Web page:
The fountain gurgled serenely and the sun felt delicious—not too hot, not too cold. I rested in the public courtyard scribbling the last of my grocery list. Rat-ta-ta-ta, rat-ta-ta-ta. Around the corner of the tall hedge I heard an unusual sound—a very rhythmic sound. Pondering the unfamiliar noise, I became increasingly uneasy as the more I listened, the more it seemed there was a pattern to the rhythmic clatter on the cobblestones. Under normal conditions, I don’t think I would have noticed the noise, and if I had, it certainly would have been perceived as innocuous; however; due to recent events, this sound began to take on ominous possibilities. Was there a strategic pattern in the rhythm? My mind flew to an extreme place, “Could that be the sound of men’s boots, men intent on quickly and stealthily surrounding the courtyard? Men with guns?! I immediately assessed my surroundings, evaluating whether my middle-aged body could hurdle the concrete wall next to me to dive for cover. WHAT?! This spiraling internal dialogue took me by surprise; an unusual sound leaving me, a woman living in Santa Barbara utopia, vigilantly weighing my survival options. As two caterers rounded the hedge, the wheels on their cart clacking in the grooves of the cobblestones, their cart loaded with white Styrofoam-boxed goodies, my heart-rate returned to normal and I grieved my lost sense of safety. I acknowledged my hyper vigilant state--a result of the May 23 tragic shooting spree in next door Isla Vista. I consoled myself with the reality that with time, and no additional terror, my security would return. I sent up some prayers for those more directly exposed to the trauma of the shooting, who wouldn’t so easily find peace.
As I suited up for my hockey game, two fellow players, both professors from UCSB (University of California, Santa Barbara), approached me and asked me if I had any advice for how they might interact with their students, all deeply affected by the Isla Vista shooting spree. A hurting community, indeed.
What motivated me to write this blog was the frantic text messages I began receiving today from my 9th grade daughter. “Near our high school, a man killed his wife and children and they haven’t caught the man. I’m scared! Why isn’t our school on lockdown?” While frantically checking online sources to get the facts and discovering the SWAT team and a helicopter had been deployed, as best I could, I tried to reassure my precious child that she was safe. “Mom! My friend didn’t come to school today. Her dad is kind of crazy and they are going through a divorce. I’m scared he killed them!” My heart broke. More terror, a terror we discovered later was a cruel hoax, someone rubbing salt into the fresh wound just inflicted on our community by the deranged Isla Vista shooter. And now, a 14-year-old’s sense of safety, gone.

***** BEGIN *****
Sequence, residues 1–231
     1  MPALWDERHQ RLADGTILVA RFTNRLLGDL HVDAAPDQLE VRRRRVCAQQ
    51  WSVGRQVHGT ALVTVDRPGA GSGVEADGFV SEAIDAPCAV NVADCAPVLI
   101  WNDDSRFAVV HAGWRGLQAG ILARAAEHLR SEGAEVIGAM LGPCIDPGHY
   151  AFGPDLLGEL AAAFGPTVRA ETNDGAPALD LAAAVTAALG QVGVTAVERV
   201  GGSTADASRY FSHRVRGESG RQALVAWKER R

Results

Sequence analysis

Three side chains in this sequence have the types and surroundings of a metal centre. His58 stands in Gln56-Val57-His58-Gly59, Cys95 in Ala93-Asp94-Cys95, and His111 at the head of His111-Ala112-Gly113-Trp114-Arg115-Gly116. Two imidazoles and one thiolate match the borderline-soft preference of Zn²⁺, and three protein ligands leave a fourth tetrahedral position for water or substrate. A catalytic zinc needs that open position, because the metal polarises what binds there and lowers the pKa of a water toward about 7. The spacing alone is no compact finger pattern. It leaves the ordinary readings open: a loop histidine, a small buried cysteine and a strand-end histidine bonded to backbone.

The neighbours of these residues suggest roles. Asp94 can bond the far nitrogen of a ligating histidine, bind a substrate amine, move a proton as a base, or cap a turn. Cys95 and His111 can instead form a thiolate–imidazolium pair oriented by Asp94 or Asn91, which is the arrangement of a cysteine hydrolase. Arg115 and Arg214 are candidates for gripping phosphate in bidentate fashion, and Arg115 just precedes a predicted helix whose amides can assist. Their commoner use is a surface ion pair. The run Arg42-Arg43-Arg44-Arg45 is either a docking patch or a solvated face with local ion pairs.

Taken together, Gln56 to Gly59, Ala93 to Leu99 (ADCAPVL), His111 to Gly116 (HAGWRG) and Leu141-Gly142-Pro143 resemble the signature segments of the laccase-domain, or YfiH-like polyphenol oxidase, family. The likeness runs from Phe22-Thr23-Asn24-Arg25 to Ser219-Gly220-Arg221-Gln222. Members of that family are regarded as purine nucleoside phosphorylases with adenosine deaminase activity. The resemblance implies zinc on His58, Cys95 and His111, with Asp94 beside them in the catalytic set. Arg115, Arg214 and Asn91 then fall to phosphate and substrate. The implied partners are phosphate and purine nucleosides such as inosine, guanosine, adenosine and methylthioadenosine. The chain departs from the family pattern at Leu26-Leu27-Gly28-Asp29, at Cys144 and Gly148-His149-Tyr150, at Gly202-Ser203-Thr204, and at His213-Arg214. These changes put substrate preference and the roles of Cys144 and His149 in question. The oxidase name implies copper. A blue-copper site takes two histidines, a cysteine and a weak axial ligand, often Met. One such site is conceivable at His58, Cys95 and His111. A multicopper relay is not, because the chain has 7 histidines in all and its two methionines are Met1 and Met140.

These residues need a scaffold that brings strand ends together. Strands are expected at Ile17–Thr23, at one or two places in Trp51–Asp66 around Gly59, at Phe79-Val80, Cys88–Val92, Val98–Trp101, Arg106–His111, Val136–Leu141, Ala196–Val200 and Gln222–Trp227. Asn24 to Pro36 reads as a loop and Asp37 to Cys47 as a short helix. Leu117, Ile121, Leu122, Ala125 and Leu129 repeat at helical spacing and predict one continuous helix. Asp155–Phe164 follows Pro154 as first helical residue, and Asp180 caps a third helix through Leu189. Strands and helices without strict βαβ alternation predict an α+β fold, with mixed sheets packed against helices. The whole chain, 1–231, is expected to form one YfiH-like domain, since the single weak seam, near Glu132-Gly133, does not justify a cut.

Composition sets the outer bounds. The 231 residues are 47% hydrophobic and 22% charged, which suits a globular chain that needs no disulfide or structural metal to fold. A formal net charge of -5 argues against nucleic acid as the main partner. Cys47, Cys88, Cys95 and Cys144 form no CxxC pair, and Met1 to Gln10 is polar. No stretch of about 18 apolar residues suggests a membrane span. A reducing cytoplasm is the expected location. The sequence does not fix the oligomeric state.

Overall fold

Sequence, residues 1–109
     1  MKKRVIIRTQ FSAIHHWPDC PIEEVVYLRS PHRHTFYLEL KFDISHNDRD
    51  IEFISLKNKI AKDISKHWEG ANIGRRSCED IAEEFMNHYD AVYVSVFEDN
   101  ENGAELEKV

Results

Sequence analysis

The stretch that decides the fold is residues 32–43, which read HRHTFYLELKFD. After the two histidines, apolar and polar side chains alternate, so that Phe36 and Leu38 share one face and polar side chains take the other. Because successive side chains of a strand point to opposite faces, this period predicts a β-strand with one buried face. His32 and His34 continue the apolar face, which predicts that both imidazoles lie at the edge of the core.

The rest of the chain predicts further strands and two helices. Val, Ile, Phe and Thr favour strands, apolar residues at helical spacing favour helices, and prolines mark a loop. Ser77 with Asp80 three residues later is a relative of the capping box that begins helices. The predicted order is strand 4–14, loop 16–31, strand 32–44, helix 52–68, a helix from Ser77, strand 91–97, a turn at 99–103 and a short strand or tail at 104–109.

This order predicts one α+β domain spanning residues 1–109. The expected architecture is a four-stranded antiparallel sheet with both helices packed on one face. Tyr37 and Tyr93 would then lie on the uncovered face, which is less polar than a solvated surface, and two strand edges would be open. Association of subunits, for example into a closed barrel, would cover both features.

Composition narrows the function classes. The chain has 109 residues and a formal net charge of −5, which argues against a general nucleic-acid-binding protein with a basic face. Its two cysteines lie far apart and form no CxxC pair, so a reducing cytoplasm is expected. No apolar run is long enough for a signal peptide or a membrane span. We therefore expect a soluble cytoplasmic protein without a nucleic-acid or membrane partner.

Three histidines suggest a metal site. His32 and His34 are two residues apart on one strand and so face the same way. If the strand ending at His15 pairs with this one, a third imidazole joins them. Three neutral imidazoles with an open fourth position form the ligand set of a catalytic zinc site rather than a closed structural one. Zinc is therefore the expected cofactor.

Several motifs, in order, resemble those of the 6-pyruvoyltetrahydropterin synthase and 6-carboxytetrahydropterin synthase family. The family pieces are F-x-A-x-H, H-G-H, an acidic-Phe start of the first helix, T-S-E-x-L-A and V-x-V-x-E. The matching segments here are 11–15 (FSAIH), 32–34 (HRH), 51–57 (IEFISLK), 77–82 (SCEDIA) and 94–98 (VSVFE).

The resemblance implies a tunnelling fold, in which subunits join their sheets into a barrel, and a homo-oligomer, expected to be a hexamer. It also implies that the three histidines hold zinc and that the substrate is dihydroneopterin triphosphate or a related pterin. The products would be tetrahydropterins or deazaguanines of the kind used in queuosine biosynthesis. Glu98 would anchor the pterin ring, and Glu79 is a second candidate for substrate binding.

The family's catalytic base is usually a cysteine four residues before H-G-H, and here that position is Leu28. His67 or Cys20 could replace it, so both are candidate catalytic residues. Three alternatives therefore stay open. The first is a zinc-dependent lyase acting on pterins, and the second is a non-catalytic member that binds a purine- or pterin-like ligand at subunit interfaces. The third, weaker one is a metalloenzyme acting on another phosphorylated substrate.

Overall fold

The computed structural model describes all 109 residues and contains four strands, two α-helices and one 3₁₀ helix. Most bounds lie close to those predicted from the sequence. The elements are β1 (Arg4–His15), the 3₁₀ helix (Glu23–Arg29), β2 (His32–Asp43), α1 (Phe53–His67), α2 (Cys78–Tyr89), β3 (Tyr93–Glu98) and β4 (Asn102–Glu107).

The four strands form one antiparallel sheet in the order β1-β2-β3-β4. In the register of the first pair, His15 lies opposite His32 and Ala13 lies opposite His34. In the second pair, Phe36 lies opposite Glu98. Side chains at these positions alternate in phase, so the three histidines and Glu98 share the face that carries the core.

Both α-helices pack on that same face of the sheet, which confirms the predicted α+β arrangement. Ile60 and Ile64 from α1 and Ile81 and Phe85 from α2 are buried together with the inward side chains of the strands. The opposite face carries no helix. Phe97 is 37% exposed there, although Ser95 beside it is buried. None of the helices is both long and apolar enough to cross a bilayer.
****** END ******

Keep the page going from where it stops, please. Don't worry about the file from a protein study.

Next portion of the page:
Months ago, before knowing that my own community would experience such trauma, I planned to spend June on Guam and Palau, providing counseling, groups, and seminars on healing the wounds of trauma. Dr. Diane Langberg, author, expert on trauma counseling, and faculty member of Westminster Theological Seminary states:
If we think carefully about the extensive natural disasters in our time such as earthquakes, hurricanes and tsunamis and combine those victims with the many manmade disasters – the violent inner cities, wars, genocides, trafficking, rapes, and child abuse we would have a staggering number. I believe that if we would stop and look out on suffering humanity we would begin to realize that trauma is perhaps the greatest mission field of the 21st century.
Sadly, my personal and work experiences validate her assertion.